Doom might be on the horizon.

You can find voices in the disciplines of politics, economics, and the environment who are predicting doom for various reasons.

Franklin Graham is predicting spiritual doom.  He was quoted after the election as saying that the United States in “on a path of destruction” for shaking our fist at God.

If these voices are correct and doom is in our immediate future we should pay close attention to chapter thirty of Jeremiah.
Doom was the imminent future of the nation of Judah.  In just a short time the armies of King Nebuchadnezzar of Babylon would burn Jerusalem and destroy the Temple.
Doom was the far future of the nation of Judah.  Much of what we will read in this chapter looks beyond our own time to the Great Tribulation.

It was all doom – but no gloom.  Chapters thirty through thirty-three are the most hopeful four chapters in all of the prophecies of Jeremiah.

They focus our attention on the bigger picture of the mission of the Jews and the certainty of the completion of their mission thanks to the intervention of God.

How are they hopeful for us?  If or when the days of doom set in we, too, will need to look beyond them to the time we will look upon The Lord, Jesus Christ.

I’ll organize my thoughts around two points: #1 “Days Are Coming” In Which Your Hope Is To Look Beyond Them, and #2 “Days Are Coming” In Which Your Joy Will Be To Look Upon Him.

#1    “Days Are Coming” In Which
    Your Hope Is To Look Beyond Them

I don’t want to freak anyone out but regardless whether or not the United States is doomed, we are all doomed.  Even in the best of times we each face a personal future in which we will grow old, get sick, and die.

Unless we are raptured or die suddenly we will find ourselves looking beyond our fleeting days upon this earth and forward into eternity.

Joni Earekson Tada, no stranger to suffering, said, “The best that we can hope for in this life is a knothole peek at the shining realities ahead.  Yet [that] glimpse is enough.”

God gave Judah their knothole glimpse in chapters thirty through thirty three.

Jeremiah 30:1    The word that came to Jeremiah from the LORD, saying,
Jeremiah 30:2    “Thus speaks the LORD God of Israel, saying: ‘Write in a book for yourself all the words that I have spoken to you.
Jeremiah 30:3    For behold, the days are coming,’ says the LORD, ‘that I will bring back from captivity My people Israel and Judah,’ says the LORD. ‘And I will cause them to return to the land that I gave to their fathers, and they shall possess it.’ ”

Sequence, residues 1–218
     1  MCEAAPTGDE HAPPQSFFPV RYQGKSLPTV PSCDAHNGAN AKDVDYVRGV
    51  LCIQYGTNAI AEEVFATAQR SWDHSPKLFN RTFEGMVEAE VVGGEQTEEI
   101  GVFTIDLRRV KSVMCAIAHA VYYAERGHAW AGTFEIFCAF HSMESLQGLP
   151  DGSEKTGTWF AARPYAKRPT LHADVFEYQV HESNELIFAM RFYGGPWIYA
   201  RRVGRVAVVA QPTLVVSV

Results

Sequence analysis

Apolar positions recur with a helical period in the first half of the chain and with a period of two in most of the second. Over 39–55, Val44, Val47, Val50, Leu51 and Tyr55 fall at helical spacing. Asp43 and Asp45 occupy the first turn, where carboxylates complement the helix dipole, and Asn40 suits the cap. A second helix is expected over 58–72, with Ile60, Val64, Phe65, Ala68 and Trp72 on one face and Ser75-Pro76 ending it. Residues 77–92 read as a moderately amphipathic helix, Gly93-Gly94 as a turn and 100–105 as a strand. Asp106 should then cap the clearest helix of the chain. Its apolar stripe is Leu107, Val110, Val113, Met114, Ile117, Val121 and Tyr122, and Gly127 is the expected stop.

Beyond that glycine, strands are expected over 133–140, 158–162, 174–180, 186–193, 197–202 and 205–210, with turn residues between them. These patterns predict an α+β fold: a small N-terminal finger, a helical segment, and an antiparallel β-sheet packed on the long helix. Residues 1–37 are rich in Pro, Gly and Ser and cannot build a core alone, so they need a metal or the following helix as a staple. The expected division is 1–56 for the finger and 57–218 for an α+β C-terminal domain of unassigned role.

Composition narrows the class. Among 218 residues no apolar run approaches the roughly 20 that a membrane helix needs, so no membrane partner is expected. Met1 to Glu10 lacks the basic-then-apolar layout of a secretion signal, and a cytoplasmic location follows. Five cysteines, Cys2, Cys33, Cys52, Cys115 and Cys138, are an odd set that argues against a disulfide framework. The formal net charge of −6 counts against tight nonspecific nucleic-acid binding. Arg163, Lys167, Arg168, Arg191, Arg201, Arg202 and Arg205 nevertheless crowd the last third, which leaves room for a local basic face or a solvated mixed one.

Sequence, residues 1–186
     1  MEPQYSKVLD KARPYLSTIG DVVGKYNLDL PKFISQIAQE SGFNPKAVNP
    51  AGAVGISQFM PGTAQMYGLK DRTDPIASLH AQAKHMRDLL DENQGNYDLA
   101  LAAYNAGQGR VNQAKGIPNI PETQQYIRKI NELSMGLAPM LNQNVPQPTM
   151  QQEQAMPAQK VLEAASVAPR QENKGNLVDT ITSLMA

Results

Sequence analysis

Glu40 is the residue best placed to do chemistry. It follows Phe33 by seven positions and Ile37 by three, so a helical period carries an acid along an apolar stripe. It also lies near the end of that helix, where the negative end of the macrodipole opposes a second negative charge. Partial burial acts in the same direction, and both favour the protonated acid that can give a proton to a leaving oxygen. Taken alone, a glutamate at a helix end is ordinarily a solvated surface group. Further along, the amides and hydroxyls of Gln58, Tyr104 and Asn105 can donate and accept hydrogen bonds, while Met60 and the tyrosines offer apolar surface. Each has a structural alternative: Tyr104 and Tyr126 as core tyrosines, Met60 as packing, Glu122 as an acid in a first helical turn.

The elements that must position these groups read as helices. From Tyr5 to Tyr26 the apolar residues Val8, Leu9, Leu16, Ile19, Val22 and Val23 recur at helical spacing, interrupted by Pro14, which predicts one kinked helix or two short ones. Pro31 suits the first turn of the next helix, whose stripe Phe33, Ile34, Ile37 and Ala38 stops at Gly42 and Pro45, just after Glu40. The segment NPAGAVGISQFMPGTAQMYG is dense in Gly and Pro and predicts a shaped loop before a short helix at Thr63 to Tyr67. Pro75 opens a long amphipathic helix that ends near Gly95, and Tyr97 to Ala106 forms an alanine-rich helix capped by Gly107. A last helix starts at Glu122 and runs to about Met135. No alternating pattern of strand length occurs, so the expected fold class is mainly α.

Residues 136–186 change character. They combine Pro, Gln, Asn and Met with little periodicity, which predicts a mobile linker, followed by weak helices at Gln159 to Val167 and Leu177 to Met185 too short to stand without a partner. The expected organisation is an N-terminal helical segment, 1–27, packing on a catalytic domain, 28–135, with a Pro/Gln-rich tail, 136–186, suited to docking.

That’s it.  There’s your hope.  “The days are coming” when God would restore them.  Mean time things were going to be tough.

Let’s summarize the kind of ‘looking beyond’ that God was encouraging.  The prophet Habakkuk said of those same days,

Habakkuk 3:17    Though the fig tree may not blossom, Nor fruit be on the vines; Though the labor of the olive may fail, And the fields yield no food; Though the flock may be cut off from the fold, And there be no herd in the stalls –
Habakkuk 3:18    Yet I will rejoice in the LORD, I will joy in the God of my salvation.
Habakkuk 3:19    The LORD God is my strength; He will make my feet like deer’s feet, And He will make me walk on my high hills.

If you are expecting something more than a look through the knothole then you’re going to be in trouble when trouble comes.

In our cases, as Christians, we’re excited for the place Jesus has gone to prepare for us, the mansion He’s building for us, and we’re looking forward to His coming to bring us there.

Jeremiah 30:4    Now these are the words that the Lord spoke concerning Israel and Judah.
Jeremiah 30:5    “For thus says the LORD: ‘We have heard a voice of trembling, Of fear, and not of peace.
Jeremiah 30:6    Ask now, and see, Whether a man is ever in labor with child? So why do I see every man with his hands on his loins Like a woman in labor, And all faces turned pale?
Jeremiah 30:7    Alas! For that day is great, So that none is like it; And it is the time of Jacob’s trouble…

Since you are a careful reader you noticed that verse four mentioned both “Israel and Judah.”  The northern kingdom of Israel had been overrun by the Assyrians more than a hundred years before.  Yet God was talking to both Israel and Judah.

It let’s us know that the trouble God was discussing wasn’t just the Babylonians.  No, He’s looking further into the future and talking about a united Israel going through the Great Tribulation.